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How is Alimony Taxed on Long Island?

How is Alimony Taxed on Long Island?

Alimony, also called “spousal maintenance” on Long Island, is a payment usually made from the higher earning spouse to the other to replace a portion of lost income until the lower earning spouse is able to financially support themselves independently. Often, one spouse will give up career opportunities while the other pursues theirs to keep the home and/or take care of children, leaving them at a distinct financial disadvantage in the event of a divorce. Spousal maintenance was originally designed to bridge that gap, and since its inception, many laws have been created to govern how and when alimony is paid and taxed. (more…)

3 Tips to Keep Your Contested Divorce Uncontentious

3 Tips to Keep Your Contested Divorce Uncontentious

A contested divorce on Long Island is a divorce where you and your ex-spouse do not agree on one or more issues of the divorce. For example, if you and your spouse are unable to agree on child custody arrangements and neither party is willing to compromise, the divorce becomes contested and a judge must decide for you how to award custody. (more…)

Long Island Divorce & Retirement Accounts — Who Gets Paid?

Long Island Divorce & Retirement Accounts — Who Gets Paid?

Divorce can impact you financially, including your retirement accounts. For most people on Long Island, planning for retirement is largely guesswork. Although you’re putting part of your income in savings accounts and investments to provide for your future expenses when you no longer can or want to work, there are a lot of things that are up in the air. For example, you don’t know how inflation will affect the value of your retirement funds and how much cost of living will increase on Long Island. Even so, you save because it’s important to try to plan ahead as much as you can. (more…)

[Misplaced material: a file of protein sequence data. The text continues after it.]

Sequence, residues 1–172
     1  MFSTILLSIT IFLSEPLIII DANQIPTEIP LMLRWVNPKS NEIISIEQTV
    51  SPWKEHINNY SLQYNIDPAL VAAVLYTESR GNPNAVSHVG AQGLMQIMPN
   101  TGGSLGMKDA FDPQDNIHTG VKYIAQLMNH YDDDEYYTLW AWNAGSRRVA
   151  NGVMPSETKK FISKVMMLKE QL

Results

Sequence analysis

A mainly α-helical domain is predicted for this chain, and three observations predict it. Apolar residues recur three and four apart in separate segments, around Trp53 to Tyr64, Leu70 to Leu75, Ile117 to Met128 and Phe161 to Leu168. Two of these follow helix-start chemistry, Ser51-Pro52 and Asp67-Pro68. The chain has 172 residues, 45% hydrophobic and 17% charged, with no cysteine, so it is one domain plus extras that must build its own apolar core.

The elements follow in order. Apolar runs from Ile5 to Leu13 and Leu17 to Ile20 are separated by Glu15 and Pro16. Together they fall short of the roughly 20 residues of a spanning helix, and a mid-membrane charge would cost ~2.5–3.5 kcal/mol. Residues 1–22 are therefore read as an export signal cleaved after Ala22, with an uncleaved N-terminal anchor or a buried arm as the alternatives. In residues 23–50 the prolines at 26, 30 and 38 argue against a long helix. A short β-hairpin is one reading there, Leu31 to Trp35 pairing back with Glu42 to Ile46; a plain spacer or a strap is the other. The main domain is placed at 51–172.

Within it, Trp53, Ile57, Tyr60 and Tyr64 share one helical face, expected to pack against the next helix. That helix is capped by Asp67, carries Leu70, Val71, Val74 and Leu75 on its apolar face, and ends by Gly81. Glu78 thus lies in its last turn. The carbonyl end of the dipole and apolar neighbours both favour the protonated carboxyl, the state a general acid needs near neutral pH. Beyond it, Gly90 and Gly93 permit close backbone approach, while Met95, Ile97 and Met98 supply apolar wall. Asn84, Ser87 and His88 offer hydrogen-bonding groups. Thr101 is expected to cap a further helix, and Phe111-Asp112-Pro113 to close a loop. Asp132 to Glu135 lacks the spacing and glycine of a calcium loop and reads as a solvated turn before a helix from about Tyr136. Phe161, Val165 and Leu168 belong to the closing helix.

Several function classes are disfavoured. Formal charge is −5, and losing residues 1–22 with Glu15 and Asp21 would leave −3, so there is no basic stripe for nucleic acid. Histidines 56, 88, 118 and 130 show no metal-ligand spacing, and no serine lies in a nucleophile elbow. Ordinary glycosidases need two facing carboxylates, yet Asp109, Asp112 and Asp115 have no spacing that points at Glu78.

Disclosing Your Finances in a Long Island Divorce

Disclosing Your Finances in a Long Island Divorce

In a divorce on Long Island, you must disclose, or make known, your complete financial information if your case involves child support, spousal support, or other maintenance. New York State Domestic Relations Law §236 makes it mandatory for both spouses to bring forward their information so the financial situation of each spouse can be accurately represented. Even if your divorce is uncontested, you’ll still need to completely disclose your finances. (more…)

5 Ways to Get a Fair Divorce Settlement on Long Island

5 Ways to Get a Fair Divorce Settlement on Long Island

When you’re heading into a Long Island divorce, it’s natural to feel apprehensive and unsure of what you should do next. You’re in unfamiliar territory, which can be made harder if your spouse is being difficult or is unwilling to compromise. You may be worried that you won’t get a fair divorce settlement and you’ll be left with little to nothing to start your new life with. Here are 5 effective strategies to help you present your best case for a settlement that you and your lawyer decide is appropriate. (more…)

5 Reasons Long Island Prenuptial and Postnuptial Agreements Could Be Found Unenforceable

5 Reasons Long Island Prenuptial and Postnuptial Agreements Could Be Found Unenforceable

Traditionally, a premarital agreement (prenup) is signed by both parties before the wedding. A postnuptial agreement (postnup) is similar, however, it takes place after the wedding. These agreements are designed to protect the assets of each individual entering the marriage and provide a guide as to how property should be allocated and if alimony or spousal support will be paid and under what conditions, among other things. However, a prenup or postnup needs to be valid to be enforceable on Long Island. Here are 5 reasons your prenup or postnup could be found unenforceable. (more…)